(2) An authorization to enter a dwelling-house granted under subsection (1) [including authorization to enter in warrant of arrest] is subject to the condition that the peace officer may not enter the dwelling-house unless the peace officer has, immediately before entering the dwelling-house, reasonable grounds to believe that the person to be arrested or apprehended is present in the dwelling-house.
R.S., 1985, c. C-46, s. 529; 1994, c. 44, s. 52; 1997, c. 39, s. 2.

CCC (CanLII), (DOJ)


Note up: 529(1) and (2)


Defined terms: "justice" (s. 2)

Warrant to enter dwelling-house

529.1 A judge or justice may issue a warrant in Form 7.1 [forms] authorizing a peace officer to enter a dwelling-house described in the warrant for the purpose of arresting or apprehending a person identified or identifiable by the warrant if the judge or justice is satisfied by information on oath that there are reasonable grounds to believe that the person is or will be present in the dwelling-house and that

(a) a warrant referred to in this or any other Act of Parliament to arrest or apprehend the person is in force anywhere in Canada;
(b) grounds exist to arrest the person without warrant under paragraph 495(1)(a) or (b) [warrantless arrest power] or section 672.91 [arrest without warrant for contravention of disposition]; or
(c) grounds exist to arrest or apprehend without warrant the person under an Act of Parliament, other than this Act.

1997, c. 39, s. 2; 2002, c. 13, s. 23.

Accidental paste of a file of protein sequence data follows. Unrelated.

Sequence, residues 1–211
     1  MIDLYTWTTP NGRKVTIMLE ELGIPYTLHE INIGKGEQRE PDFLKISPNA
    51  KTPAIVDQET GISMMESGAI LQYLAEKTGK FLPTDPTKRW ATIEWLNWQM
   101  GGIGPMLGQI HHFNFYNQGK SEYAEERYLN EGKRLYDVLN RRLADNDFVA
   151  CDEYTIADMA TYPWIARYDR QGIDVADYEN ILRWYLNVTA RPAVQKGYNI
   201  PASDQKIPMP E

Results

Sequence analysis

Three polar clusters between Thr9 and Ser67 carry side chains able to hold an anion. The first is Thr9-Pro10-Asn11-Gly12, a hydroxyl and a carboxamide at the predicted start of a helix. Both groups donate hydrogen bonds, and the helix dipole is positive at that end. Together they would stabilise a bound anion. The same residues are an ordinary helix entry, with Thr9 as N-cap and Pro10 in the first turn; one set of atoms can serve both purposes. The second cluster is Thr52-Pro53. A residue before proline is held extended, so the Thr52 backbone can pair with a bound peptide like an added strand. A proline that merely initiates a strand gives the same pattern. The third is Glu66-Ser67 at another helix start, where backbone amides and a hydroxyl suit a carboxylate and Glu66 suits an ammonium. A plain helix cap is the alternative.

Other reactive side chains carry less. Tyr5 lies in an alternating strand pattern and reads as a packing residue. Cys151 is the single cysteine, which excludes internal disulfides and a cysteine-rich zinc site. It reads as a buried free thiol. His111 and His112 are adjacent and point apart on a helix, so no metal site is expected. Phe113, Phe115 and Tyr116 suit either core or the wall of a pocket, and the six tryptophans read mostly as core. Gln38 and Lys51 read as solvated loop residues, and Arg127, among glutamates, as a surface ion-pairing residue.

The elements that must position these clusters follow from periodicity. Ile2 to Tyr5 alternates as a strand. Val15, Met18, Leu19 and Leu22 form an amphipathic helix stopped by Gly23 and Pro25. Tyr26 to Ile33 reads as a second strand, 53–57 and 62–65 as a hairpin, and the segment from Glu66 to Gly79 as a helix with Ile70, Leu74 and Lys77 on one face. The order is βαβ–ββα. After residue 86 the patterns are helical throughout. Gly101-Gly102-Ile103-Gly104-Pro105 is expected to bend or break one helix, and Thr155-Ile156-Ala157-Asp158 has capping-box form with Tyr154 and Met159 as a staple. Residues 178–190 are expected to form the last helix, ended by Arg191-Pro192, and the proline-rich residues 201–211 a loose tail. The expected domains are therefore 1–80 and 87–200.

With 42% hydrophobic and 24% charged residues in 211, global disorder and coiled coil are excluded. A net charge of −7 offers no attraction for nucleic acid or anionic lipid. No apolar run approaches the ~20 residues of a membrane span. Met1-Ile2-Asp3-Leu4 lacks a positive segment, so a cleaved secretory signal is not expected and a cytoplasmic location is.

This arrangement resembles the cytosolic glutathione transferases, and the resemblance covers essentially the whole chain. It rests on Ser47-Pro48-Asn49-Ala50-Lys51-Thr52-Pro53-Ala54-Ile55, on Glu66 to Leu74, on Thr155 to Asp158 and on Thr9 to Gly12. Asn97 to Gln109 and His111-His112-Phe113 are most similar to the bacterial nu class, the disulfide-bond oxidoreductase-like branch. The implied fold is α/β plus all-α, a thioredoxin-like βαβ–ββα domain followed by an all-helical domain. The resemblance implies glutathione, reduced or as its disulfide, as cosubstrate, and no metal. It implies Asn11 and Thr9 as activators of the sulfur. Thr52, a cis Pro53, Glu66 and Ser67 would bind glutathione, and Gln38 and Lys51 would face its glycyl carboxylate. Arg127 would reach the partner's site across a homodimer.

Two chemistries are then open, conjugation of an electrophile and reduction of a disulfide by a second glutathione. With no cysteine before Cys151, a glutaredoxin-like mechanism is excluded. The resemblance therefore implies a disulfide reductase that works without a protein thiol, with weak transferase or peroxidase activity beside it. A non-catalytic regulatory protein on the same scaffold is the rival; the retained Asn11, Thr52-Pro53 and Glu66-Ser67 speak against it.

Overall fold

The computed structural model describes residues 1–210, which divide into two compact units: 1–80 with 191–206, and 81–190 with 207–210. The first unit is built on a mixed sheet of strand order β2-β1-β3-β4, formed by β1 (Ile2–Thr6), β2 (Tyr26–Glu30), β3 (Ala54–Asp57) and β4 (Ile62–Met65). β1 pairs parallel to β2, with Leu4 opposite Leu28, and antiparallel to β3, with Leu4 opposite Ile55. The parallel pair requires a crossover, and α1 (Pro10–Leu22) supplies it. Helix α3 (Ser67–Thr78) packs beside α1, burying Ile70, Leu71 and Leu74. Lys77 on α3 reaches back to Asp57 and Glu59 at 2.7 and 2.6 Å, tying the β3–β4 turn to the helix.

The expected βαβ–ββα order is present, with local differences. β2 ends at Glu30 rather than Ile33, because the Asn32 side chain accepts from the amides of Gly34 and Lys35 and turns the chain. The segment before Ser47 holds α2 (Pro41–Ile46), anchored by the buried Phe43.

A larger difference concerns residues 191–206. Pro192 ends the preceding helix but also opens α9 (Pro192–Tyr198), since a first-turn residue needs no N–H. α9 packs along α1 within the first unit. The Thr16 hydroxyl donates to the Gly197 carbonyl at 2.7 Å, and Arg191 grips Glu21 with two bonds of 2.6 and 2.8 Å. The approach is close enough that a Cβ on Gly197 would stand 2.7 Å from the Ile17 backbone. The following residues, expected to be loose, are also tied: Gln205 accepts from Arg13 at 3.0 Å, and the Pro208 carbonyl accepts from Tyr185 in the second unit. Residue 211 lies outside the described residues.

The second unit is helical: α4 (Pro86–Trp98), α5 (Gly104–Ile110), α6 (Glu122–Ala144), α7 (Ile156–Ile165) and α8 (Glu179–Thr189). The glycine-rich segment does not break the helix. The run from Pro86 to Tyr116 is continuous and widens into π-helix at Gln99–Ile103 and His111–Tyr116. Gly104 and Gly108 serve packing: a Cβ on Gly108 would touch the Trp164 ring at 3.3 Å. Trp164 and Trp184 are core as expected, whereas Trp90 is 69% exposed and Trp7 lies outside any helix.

[annotation(s) added]

CCC (CanLII), (DOJ)


Note up: 529.1

Reasonable terms and conditions

529.2 Subject to section 529.4 [executing a warrant to enter a residence of arrest], the judge or justice shall include in a warrant referred to in section 529 [entry into residence to arrest] or 529.1 [entry into residence to arrest] any terms and conditions that the judge or justice considers advisable to ensure that the entry into the dwelling-house is reasonable in the circumstances.
1997, c. 39, s. 2.
[annotation(s) added]

CCC (CanLII), (DOJ)


Note up: 529.2

Authority to enter dwelling without warrant

529.3 (1) Without limiting or restricting any power a peace officer may have to enter a dwelling-house under this or any other Act or law, the peace officer may enter the dwelling-house for the purpose of arresting or apprehending a person, without a warrant referred to in section 529 [entry into residence to arrest] or 529.1 [entry into residence to arrest] authorizing the entry, if the peace officer has reasonable grounds to believe that the person is present in the dwelling-house, and the conditions for obtaining a warrant under section 529.1 [entry into residence to arrest] exist but by reason of exigent circumstances it would be impracticable to obtain a warrant.

Exigent circumstances

(2) For the purposes of subsection (1) [authority to enter dwelling without warrant], exigent circumstances include circumstances in which the peace officer

(a) has reasonable grounds to suspect that entry into the dwelling-house is necessary to prevent imminent bodily harm or death to any person; or
(b) has reasonable grounds to believe that evidence relating to the commission of an indictable offence is present in the dwelling-house and that entry into the dwelling-house is necessary to prevent the imminent loss or imminent destruction of the evidence.